Lunch With my Father
by Martin Green
Those drivers are crazy. Thats why I stay off freeways. Damn fools cutting in and out. Lucky I didnt get killed.
We were in a downtown Sacramento restaurant, my 80-year old father and I. I live in San Francisco and he lives in a retirement community in Roseville, just outside of Sacramento. Like him, Id become a State employee and had come to the capital for a meeting, which had given me the opportunity of asking him to meet me for lunch. Hed arrived late and had been complaining about the other drivers since arriving. I realized that perhaps I shouldnt have chosen a place where he had to go on the freeway. After all, he was getting pretty old.
So, how was your meeting? he asked.
The usual State stuff. We could have settled everything by phone or memo, but it gave me a chance to get out of the office. And to see you.
He laughed. Yeah, I remember those meetings. F---ing waste of time.
I hadnt seen my father for a few months. Hed had hip surgery the year before and when he entered the restaurant it seemed to me he walked with a lurch. He also seemed to have aged since his surgery. The obscenity surprised me. I didnt recall him ever using four-letter words when I was a kid or until now.
Hows Ruth? he asked.
Ruth was my wife, who worked for a non-profit in San Francisco. Shes fine.
Still making the world safe for illegal immigrants?
She tries. Hows mother?
Still volunteering. She had some kind of do-gooder lunch today.
I knew that. It was actually my father I wanted to see. My mother had called and said that he was becoming more and more irascible, acting as if he was mad at everything and everyone, even her.
Same old menu, I see, he said. Wheres our waiter?
I motioned and the waiter came over. We both ordered the steak sandwich, their specialty. Hard to get decent service anywhere today, my father said. Of course, thats not as bad as trying to see a doctor. Had an appointment at 10 oclock yesterday. Had to wait an hour to get called, then they make you wait another half hour in that damned waiting room before he comes in.
An alarm bell rang in me. What were you seeing a doctor about?
Nothing, just the usual aches and pains. Dont worry, Im not about to kick off yet.
The waiter brought us our steak sandwiches. Not as good as they used to be, pronounced my father.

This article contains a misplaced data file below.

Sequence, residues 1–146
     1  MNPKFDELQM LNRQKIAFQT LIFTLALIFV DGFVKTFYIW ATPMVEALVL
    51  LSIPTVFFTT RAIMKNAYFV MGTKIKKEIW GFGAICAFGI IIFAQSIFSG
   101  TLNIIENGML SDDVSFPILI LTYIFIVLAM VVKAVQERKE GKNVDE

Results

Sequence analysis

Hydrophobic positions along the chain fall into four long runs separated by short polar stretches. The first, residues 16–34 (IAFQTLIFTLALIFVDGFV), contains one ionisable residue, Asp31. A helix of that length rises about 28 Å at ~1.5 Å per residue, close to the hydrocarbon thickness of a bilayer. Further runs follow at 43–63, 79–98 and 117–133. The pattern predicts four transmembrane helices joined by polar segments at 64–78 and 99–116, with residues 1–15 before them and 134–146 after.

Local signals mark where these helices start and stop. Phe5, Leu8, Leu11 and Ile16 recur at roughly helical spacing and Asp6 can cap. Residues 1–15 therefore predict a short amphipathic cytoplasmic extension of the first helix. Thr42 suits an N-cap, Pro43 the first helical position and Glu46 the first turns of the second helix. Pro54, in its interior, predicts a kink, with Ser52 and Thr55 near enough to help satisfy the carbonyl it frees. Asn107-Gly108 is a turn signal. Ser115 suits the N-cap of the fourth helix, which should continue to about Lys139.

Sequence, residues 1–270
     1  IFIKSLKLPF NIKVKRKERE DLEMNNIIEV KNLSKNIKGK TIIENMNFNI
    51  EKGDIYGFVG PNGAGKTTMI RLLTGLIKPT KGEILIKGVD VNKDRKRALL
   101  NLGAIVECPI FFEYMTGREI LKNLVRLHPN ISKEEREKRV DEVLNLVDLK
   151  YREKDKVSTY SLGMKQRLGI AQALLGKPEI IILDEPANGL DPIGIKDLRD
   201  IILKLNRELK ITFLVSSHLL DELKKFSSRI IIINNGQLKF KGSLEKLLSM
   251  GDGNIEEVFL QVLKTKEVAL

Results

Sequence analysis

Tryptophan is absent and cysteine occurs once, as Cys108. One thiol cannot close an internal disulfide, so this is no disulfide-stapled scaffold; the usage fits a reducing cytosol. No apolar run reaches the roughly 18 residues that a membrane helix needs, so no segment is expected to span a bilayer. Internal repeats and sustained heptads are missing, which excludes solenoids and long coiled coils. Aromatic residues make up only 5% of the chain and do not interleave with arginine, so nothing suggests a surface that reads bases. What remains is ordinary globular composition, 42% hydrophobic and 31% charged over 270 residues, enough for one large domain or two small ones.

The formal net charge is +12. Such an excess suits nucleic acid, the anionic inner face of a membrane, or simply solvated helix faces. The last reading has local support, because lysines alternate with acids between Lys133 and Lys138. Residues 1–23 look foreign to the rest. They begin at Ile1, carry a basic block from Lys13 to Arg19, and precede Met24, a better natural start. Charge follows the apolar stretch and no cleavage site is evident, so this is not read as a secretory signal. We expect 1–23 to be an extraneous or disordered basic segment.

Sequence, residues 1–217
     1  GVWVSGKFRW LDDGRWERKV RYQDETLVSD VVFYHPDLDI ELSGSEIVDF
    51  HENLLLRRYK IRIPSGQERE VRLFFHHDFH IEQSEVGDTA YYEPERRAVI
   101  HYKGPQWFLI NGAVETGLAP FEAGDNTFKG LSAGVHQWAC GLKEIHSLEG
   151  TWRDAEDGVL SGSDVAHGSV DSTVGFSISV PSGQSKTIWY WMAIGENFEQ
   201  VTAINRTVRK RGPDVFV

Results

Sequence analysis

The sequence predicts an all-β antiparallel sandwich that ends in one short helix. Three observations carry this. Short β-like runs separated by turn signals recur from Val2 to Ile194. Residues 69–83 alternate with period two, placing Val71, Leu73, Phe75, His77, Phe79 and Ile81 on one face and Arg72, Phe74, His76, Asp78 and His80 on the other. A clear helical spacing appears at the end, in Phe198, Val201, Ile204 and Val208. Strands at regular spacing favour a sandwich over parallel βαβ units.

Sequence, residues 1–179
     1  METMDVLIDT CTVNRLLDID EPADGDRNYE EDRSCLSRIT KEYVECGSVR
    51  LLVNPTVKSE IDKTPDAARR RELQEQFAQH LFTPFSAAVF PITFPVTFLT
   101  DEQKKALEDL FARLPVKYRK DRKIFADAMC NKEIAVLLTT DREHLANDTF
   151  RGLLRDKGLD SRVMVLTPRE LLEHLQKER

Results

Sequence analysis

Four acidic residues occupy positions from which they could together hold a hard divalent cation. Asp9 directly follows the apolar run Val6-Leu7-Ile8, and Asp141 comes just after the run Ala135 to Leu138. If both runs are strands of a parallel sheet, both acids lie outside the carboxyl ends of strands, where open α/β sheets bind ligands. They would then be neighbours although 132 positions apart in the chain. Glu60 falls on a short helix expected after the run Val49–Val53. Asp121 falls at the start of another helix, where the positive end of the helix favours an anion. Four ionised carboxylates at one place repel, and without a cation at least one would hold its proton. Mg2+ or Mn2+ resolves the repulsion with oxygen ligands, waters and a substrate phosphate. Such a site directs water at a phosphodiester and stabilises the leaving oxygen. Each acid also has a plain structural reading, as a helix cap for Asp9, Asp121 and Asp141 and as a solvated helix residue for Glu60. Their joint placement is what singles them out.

Mine tastes pretty good.
You werent here way back when. Hell, nothing is as good as it used to be. The whole f---ing country is falling apart. Look at the president we have.
I thought you were a Democrat.
Used to be. But, as Reagan said, I didnt leave the party, it left me. If youre black or brown, or a woman, or a gay or a lesbian or a transgender, thats the latest, the Democrats are for you. If youre an old white guy like me, forget it. Not that the Republicans are any better. The stupid party.
What do you think of Donald Trump?
He snorted. That idiot? The only reason hes ahead in the polls is because the countrys in a mess and people are fed up with everything. Any other time, hed be laughed off the stage. Wheres that damned waiter? Ive lost my damned napkin.
What are these aches and pains youre having.
The usual, arthritis in all my joints. Im like the Tin Man; I have to be oiled up.
Youre sure thats all it is?
Yeah. Your mother is worried about me, huh?
My father might be pretty old, but nothing much got past him. Well, she did say something about you being mad about something. She even thought youre mad at her.
He laughed. Your mothers something. Yeah, I guess I havent been very nice to her, or to anyone else. Its nothing in particular; its just Ive gotten so damned old. Thats what Im mad about. And you know the worst thing about it, its only going to get worse. When youre young, even when youre forty or fifty, and you have some pain somewhere, like tennis elbow, you know itll go away. Not when youre old. Youre stuck with it
The waiter came by and asked how we were doing. My father asked for some napkins. I noticed he was making short work of his sandwich. Id been having some tennis aches and pains myself. I wondered if the time would come when they wouldnt go away and Id have to quit playing. My father, whod taught me how to play, had played until his hip surgery. Are you going to try playing tennis again? I asked.
He shook his head. No, Id like to but my hip wont let me. Thats another thing Im mad about.
But you wont take it out on Mother?
Ill try not to. You know, her birthdays next month.
I know. Ruth and I will come up and take her out to a birthday dinner. Youre invited, too.
Thatll be good. Ill let her know.
The waiter brought our check. Ive got it, I said.
You dont have to.
No, I asked you.
Okay. I have to use the facility before we go. Another thing about old age.
I watched as he made his way through the tables. He went slowly and it seemed to me he leaned to one side. He walked like an old man. I wondered if Id feel the same way when I was old, if Id be mad at what time had done to me. Maybe; I was my fathers son.
Outside, I saw that hed parked in a handicapped space. Yeah, he said. After my surgery, I got one of those placards. Its good for a year. Comes in handy sometimes, like now.
Okay. Ill see you next month.
It was good to see you. Drive safe. I started to give him a hug but he stepped back and shook my hand. Then he gripped my arm and said, Drive safe, too. Try not to get old.
More stories from Winamop
Copyright reserved. Please do not reproduce without consent.